Philippines election: Doubts arise over electronic voting machines
New computerized electronic voting machines are meant to prevent fraud in Philippines election in May. But in tests, the voting machines rejected ballots and failed to connect to the cell phone networks to transmit results.
Manila, Philippines — Concerns are rising that the use of electronic voting machines in the May Philippines election, meant to prevent vote-rigging, could fail due to technical problems and end up threatening rather than reinforcing the credibility of the ballot.
Glitches in the new system could lead to an inaccurate vote count or to manipulation, in a country where election fraud has occurred before and undermined stability.
The incumbent, President Gloria Macapagal-Arroyo, was accused of cheating in the 2004 election. She denies this, but has been beset by coup plots and impeachment attempts. In 1986 accusations of fraud led to the overthrow of President Ferdinand Marcos.
A survey conducted in January by respected pollster Pulse Asia found that 48 percent of Filipinos expect the May 10 national elections to be clean and the results to be credible. Fifty-four percent “expect trouble” if they are not.
(Click here to read about what to look for in the Philippine elections.)
“The feared consequences include, first, public unrest fomented by high expectations that the replacement of the manual system would do away with widespread fraud and, second, such an unrest could give reasons to President Gloria Macapagal Arroyo to declare a failure of elections, allowing her to hold on to office beyond the expiration of her term in June,” says Philippine Daily Inquirer political analyst Amando Doronila.
Speeding up the vote count
The old system, in which votes were counted by hand, often took weeks to produce definitive results - and opened the door to fraud claims.
“The antiquated manual system has been a breeding ground of election cheating because prolonged delays in announcing official results has offered opportunities for altering results,” says Mr. Doronila.
A law passed in 2007 mandated that the vote-counting must be automated for the presidential, congressional, and local elections scheduled for May 10.
The Commission on Elections (Comelec) has contracted a Venezuelan company, Smartmatic, to set up a computerized system that will count the votes as they are cast.
The new ballot lists the candidates for president and up to 31 other national or local positions. (With the old ballot, the voter had to write down the names of his preferred candidates.) The voter must fill in blank ovals beside the names of his preferences, then feed the ballot into a counting machine, which tallies the votes and encrypts the results.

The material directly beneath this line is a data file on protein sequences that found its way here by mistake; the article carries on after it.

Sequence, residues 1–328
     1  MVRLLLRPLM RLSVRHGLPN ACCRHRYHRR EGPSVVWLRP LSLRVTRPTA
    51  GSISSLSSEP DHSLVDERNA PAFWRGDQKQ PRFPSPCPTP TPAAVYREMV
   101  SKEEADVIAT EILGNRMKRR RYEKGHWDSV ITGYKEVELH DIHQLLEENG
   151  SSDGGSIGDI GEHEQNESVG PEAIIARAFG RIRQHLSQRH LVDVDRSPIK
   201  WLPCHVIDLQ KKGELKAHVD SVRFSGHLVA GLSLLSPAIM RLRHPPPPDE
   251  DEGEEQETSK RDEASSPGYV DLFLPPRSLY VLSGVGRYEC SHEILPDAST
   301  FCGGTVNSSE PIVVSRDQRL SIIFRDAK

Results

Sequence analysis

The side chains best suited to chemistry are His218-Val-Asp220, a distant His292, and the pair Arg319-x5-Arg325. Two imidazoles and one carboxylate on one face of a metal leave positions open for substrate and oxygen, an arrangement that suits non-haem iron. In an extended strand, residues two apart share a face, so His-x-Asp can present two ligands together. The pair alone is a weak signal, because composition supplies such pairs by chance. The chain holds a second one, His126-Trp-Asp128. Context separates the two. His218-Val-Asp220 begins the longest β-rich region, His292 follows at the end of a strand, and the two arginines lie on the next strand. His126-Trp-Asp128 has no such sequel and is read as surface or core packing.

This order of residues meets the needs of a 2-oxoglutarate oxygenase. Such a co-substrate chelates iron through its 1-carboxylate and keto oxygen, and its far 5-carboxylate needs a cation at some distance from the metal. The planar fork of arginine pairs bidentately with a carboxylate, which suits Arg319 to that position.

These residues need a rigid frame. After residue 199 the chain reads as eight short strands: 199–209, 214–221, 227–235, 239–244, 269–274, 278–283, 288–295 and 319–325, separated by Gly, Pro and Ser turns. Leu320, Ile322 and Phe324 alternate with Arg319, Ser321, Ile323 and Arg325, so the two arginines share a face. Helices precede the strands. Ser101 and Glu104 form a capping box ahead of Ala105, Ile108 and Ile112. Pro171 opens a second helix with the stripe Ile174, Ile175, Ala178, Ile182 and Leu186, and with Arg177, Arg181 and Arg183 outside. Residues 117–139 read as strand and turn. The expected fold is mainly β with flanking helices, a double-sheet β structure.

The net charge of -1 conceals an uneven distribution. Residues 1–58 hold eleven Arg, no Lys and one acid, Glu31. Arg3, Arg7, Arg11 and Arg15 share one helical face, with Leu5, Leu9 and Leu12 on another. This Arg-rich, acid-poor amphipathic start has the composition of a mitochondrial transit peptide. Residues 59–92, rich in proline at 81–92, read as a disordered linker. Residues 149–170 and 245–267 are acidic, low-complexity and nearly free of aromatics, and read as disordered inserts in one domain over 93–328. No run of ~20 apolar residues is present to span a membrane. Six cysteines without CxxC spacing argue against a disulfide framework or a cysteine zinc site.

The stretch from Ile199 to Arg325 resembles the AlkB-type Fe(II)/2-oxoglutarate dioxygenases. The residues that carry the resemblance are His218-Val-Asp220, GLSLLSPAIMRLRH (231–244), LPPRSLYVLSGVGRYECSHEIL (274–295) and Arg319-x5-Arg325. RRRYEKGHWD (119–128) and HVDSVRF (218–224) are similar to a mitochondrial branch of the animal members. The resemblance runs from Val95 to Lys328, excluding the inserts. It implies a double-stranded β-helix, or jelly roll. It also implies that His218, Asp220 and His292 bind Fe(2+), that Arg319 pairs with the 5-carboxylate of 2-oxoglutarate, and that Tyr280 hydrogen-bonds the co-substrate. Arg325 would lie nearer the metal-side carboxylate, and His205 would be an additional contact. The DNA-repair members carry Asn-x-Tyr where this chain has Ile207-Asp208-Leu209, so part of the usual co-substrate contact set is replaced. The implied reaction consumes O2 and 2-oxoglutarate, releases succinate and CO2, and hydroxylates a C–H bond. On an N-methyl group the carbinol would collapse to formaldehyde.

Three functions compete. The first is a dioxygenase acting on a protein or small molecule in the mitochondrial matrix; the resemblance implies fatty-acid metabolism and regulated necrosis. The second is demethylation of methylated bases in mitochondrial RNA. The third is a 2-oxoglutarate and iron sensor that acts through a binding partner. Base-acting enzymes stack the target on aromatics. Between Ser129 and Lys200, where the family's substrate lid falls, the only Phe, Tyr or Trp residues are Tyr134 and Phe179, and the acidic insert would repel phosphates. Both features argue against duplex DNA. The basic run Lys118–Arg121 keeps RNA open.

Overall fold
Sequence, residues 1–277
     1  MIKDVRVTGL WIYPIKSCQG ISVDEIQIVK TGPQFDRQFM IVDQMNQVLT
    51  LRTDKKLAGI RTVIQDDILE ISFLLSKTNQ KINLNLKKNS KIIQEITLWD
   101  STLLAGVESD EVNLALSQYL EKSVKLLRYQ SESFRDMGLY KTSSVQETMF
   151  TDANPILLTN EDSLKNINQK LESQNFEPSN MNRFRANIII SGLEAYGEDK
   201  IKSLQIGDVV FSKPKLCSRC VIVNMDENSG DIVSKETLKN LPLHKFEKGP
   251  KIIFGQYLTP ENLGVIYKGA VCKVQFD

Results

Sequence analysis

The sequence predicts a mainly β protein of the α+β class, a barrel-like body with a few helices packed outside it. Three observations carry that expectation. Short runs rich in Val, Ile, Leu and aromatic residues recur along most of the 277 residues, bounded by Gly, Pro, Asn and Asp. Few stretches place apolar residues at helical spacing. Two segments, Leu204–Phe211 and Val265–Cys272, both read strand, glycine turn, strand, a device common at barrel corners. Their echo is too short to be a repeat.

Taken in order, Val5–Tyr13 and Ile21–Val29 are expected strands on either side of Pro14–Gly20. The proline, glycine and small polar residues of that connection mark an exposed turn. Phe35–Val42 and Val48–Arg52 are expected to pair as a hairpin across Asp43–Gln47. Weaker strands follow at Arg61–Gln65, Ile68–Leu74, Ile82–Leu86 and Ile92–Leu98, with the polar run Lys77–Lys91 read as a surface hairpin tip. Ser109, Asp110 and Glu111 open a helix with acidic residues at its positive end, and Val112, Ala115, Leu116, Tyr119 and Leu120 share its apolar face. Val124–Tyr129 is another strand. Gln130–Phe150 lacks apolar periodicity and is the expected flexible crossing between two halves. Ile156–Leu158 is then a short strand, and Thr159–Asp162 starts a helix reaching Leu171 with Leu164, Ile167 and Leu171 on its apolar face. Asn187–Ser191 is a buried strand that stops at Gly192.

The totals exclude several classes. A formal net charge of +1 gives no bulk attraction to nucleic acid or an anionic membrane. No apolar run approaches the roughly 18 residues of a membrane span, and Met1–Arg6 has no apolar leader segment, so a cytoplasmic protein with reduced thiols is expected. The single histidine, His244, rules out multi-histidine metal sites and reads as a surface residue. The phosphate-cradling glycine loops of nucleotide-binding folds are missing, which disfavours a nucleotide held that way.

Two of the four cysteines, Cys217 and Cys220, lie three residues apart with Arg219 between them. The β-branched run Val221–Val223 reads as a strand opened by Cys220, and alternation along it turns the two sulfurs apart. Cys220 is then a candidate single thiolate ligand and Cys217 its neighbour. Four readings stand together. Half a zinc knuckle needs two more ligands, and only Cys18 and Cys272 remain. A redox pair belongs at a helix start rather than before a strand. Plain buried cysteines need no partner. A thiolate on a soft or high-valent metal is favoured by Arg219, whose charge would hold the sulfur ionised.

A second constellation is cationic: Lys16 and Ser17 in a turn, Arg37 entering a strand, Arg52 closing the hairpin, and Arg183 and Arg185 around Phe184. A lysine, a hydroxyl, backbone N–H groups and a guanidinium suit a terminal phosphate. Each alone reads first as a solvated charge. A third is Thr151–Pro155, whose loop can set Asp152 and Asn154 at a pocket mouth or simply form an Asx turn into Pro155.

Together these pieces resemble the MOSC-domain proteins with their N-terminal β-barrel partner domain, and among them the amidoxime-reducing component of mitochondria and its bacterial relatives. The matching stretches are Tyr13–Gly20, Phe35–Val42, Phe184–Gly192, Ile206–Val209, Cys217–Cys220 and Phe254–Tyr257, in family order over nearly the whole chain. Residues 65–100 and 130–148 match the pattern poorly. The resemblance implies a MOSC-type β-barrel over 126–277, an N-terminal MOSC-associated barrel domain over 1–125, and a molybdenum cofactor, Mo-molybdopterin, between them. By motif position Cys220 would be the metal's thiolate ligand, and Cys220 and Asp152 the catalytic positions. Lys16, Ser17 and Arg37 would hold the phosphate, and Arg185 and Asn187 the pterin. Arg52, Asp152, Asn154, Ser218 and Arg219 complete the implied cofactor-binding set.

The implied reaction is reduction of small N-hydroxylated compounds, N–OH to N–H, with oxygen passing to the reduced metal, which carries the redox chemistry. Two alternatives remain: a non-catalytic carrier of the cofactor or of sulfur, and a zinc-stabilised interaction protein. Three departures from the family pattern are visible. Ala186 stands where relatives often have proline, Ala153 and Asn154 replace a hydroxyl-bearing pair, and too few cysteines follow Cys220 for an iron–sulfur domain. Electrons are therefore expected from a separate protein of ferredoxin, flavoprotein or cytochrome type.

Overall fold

The machine then uses public cell-phone networks to transmit the tallies to central computers for the final counting. It should take just 48 hours for definitive results to appear, Comelec says.
Smartmatic says that the encryption cannot be broken.
New system tests poorly
But critics, among them politicians, nongovernmental organizations, the media, and voters, worry that the technology will not work properly or can be sabotaged.
Two series of field tests conducted by Comelec in January in representative samples of precincts showed that the machines frequently rejected ballots, usually because ovals were not filled in properly, and sometimes failed to connect to the cell-phone networks.
Voters have expressed ignorance about the new system. The Pulse Asia survey found that 71 percent have little or no knowledge of how it works.
There is worry that many voters will be unable to cope with a ballot form that is more than two feet long. A preelection information campaign is planned to show people how to fill out the forms.
About a third of the country has no cellphone network coverage. Satellite communication is Smartmatic’s solution for these areas. But the field tests showed that this can be difficult. In one case it took three hours to establish an uplink.
Same old threats of sabotage
There is also the usual fear of sabotage. The leading candidate in the presidential election, Senator Benigno “Noynoy” Aquino has spoken darkly of a "plan to affect the outcome of the elections.” He gave no specifics.
Comelec says it is looking into reports that 5,000 cellphone signal jammers have been imported illegally.
The commission has said that in an emergency, it is prepared to revert to the manual system to count up to 30 percent of the vote.
But if there are delays in counting just a fraction of the votes, it could damage the credibility of the election. Many people may assume that lag time is being used to rig the results.
Opinion polls indicate that the presidential election will be a close contest between Mr. Aquino and Senator Manuel “Manny” Villar.
“There is no shortage of opportunities to create a political vacuum or of individuals or groups ready to take advantage of chaos arising from an election failure and to grab power,” says Doronila.